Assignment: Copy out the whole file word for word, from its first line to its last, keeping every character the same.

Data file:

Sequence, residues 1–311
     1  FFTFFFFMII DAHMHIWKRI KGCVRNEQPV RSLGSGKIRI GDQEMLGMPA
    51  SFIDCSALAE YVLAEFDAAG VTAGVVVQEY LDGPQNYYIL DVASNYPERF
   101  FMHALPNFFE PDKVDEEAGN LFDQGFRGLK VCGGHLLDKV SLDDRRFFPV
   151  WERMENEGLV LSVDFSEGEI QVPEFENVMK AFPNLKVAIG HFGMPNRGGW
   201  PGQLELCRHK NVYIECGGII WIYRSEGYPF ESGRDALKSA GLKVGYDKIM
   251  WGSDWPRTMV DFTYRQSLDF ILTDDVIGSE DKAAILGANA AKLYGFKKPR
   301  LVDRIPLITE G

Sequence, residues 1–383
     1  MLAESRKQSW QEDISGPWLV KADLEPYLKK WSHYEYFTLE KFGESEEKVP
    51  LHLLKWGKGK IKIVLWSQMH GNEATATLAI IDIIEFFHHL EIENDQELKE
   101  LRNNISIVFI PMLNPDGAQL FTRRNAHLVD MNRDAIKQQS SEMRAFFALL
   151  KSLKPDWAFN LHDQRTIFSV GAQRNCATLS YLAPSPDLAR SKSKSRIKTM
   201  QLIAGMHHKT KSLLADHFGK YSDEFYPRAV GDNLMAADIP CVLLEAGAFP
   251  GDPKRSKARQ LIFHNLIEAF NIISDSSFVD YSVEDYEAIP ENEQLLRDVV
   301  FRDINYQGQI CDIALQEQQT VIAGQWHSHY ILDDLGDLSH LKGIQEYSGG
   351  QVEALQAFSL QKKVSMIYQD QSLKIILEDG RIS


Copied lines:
Sequence, residues 1–311
     1  FFTFFFFMII DAHMHIWKRI KGCVRNEQPV RSLGSGKIRI GDQEMLGMPA
    51  SFIDCSALAE YVLAEFDAAG VTAGVVVQEY LDGPQNYYIL DVASNYPERF
   101  FMHALPNFFE PDKVDEEAGN LFDQGFRGLK VCGGHLLDKV SLDDRRFFPV
   151  WERMENEGLV LSVDFSEGEI QVPEFENVMK AFPNLKVAIG HFGMPNRGGW
   201  PGQLELCRHK NVYIECGGII WIYRSEGYPF ESGRDALKSA GLKVGYDKIM
   251  WGSDWPRTMV DFTYRQSLDF ILTDDVIGSE DKAAILGANA AKLYGFKKPR
   301  LVDRIPLITE G

Sequence, residues 1–383
     1  MLAESRKQSW QEDISGPWLV KADLEPYLKK WSHYEYFTLE KFGESEEKVP
    51  LHLLKWGKGK IKIVLWSQMH GNEATATLAI IDIIEFFHHL EIENDQELKE
   101  LRNNISIVFI PMLNPDGAQL FTRRNAHLVD MNRDAIKQQS SEMRAFFALL
   151  KSLKPDWAFN LHDQRTIFSV GAQRNCATLS YLAPSPDLAR SKSKSRIKTM
   201  QLIAGMHHKT KSLLADHFGK YSDEFYPRAV GDNLMAADIP CVLLEAGAFP
   251  GDPKRSKARQ LIFHNLIEAF NIISDSSFVD YSVEDYEAIP ENEQLLRDVV
   301  FRDINYQGQI CDIALQEQQT VIAGQWHSHY ILDDLGDLSH LKGIQEYSGG
   351  QVEALQAFSL QKKVSMIYQD QSLKIILEDG RIS